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The struggle to make a similar “wise and meaningful decision” is also at the centre of Sheila Heti’s new novel, , in which an unnamed narrator consults a psychic and tarot cards.
“Whether I want kids,” she says, is “the greatest secret I keep from myself.”After several years of this uncertainty, an event forced my hand: my husband left me several months before I turned thirty-one.
Mostly, I imagined motherhood as a 1950s sitcom: bedtime stories, an abundance of firsts, holidays straight out of Hallmark.
At the time of these reveries, I was in my late twenties, newly married.
As the default structure for women’s lives, the motherhood imperative is a stand-in for order, an assurance that every woman is exactly who, and what, she is supposed to be.
We live in an intense pro-maternity culture, one marked by everything from reality shows like Teen Mom OG to Kylie Jenner’s record-shattering February 2018 Instagram reveal of her newborn daughter, Stormi, which sits at 17.5 million likes (and counting).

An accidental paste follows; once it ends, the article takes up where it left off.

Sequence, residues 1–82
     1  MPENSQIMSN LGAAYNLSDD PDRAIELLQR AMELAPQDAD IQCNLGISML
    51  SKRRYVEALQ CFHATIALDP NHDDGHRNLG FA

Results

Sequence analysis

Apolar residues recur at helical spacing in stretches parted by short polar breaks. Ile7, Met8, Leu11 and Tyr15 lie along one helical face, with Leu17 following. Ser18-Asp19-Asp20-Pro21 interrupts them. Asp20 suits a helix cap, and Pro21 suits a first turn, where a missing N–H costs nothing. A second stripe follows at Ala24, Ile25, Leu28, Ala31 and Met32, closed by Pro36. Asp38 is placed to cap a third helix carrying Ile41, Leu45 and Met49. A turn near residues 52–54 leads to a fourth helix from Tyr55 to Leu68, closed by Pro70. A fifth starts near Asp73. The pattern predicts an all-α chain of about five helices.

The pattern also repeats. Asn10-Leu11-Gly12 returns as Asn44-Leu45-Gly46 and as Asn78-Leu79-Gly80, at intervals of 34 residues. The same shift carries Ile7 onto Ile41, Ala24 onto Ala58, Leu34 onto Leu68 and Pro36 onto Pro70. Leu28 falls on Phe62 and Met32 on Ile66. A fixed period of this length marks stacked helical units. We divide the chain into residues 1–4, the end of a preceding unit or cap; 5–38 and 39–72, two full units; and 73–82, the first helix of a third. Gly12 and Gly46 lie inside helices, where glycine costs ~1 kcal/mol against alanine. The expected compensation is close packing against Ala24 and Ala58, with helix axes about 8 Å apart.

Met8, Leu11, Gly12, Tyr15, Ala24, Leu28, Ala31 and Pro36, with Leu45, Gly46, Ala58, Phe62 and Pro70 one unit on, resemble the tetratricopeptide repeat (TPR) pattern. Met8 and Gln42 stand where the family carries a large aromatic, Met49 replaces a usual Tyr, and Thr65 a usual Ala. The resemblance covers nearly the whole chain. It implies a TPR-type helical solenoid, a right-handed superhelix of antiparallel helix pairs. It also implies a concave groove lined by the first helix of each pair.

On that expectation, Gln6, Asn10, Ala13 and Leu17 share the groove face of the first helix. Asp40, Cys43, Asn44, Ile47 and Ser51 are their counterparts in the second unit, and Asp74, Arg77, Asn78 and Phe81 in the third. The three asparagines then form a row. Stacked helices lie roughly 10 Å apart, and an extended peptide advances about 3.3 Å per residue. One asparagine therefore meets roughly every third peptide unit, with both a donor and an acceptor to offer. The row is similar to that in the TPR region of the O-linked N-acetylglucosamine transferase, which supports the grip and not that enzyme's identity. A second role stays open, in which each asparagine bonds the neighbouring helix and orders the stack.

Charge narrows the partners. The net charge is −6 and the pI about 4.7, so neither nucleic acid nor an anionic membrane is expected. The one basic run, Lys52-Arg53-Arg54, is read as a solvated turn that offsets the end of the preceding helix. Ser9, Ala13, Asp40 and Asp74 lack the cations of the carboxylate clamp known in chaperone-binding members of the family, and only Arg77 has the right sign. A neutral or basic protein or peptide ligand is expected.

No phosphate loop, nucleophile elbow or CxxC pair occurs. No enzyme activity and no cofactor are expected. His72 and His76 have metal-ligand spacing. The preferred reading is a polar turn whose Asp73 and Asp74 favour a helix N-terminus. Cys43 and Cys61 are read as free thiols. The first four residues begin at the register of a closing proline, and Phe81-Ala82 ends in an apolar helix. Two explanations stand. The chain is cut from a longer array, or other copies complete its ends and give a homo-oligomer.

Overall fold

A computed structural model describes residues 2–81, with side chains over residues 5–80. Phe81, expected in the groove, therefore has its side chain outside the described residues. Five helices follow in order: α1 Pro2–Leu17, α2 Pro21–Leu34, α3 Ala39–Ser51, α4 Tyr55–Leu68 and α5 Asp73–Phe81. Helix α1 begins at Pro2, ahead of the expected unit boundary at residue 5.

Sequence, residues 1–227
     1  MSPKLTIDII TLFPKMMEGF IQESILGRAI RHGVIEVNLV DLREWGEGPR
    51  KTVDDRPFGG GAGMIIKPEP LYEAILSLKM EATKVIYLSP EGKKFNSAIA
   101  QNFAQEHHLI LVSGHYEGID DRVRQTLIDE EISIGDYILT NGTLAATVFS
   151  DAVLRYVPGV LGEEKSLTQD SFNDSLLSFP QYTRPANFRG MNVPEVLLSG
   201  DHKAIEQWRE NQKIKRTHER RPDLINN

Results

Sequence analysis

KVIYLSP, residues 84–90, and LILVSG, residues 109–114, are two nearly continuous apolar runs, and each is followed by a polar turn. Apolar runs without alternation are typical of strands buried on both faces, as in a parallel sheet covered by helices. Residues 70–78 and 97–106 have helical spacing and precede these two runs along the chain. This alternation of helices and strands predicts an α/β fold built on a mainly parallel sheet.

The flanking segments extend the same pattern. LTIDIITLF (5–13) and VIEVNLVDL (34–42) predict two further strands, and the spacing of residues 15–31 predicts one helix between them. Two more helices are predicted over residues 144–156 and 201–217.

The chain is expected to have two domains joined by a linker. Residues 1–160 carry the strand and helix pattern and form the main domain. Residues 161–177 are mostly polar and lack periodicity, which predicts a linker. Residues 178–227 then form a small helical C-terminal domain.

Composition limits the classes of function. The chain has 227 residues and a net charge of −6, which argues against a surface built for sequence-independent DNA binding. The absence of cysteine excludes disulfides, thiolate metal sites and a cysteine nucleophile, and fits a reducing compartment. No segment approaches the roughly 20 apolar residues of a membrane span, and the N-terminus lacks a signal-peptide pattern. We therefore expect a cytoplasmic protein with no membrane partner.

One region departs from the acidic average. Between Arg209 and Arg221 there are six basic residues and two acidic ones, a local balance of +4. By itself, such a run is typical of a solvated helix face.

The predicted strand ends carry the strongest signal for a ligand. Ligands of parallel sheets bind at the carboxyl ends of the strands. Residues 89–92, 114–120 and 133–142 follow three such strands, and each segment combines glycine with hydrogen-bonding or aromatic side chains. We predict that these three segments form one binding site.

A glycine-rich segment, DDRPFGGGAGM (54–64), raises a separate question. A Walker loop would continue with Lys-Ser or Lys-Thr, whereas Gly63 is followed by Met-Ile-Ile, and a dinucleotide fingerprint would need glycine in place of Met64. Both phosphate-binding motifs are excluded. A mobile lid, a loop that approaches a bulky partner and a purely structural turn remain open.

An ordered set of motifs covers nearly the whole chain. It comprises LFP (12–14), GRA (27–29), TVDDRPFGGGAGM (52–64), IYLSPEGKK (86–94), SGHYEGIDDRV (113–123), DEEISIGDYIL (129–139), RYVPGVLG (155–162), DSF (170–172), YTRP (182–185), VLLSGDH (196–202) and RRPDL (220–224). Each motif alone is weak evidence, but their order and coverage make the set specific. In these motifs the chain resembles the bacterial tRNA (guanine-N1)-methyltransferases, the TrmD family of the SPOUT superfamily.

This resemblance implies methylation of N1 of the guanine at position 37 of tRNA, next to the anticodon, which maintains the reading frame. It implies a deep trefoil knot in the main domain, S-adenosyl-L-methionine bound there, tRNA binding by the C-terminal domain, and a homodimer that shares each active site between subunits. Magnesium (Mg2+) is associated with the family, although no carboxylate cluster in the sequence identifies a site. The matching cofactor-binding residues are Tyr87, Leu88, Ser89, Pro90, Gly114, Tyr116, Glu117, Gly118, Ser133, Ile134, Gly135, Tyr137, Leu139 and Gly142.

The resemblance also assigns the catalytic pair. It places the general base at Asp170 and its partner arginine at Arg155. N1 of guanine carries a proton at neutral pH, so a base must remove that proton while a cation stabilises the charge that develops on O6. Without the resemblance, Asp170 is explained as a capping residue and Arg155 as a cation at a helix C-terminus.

I found purpose in my work and couldn’t imagine rearranging my days to include breastfeeding and diaper changes. If anything, motherhood was a requirement—a stage women completed after marriage, a check mark on the way to an accomplished life. I worried that disclosing the main reason for my veer toward “no”—that I wanted to continue investing time in —would make me seem cold, even sociopathic.I knew it was possible to be a mother while maintaining a career, but I had little desire to take on the challenge. I worried about disappointing those around me, including my then husband, parents, and grandparents. Even if they supported my choice, I worried about what I would do after I made it.How would I fill the next fifty—potentially empty—years of my life? I would often catch myself entertaining other people’s fantasies of what it would mean for me to have children and, briefly, intensely wanting those fantasies too. I’d be in the shower, or about to fall asleep, and I would question who was right: them or me?Much of society still can’t account for women like me.We are often forgotten at the fringes, even as we grow in number.